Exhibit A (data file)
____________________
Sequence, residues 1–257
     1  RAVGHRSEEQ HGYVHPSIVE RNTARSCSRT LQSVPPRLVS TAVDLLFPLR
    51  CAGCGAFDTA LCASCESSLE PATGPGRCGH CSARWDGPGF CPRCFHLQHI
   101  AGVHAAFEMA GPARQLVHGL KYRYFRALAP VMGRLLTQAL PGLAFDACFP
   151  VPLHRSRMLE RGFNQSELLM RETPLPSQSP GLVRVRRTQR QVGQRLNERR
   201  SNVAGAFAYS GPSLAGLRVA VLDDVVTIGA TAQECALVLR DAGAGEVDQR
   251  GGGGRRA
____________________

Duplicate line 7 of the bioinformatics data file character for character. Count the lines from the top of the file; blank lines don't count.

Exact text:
   251  GGGGRRA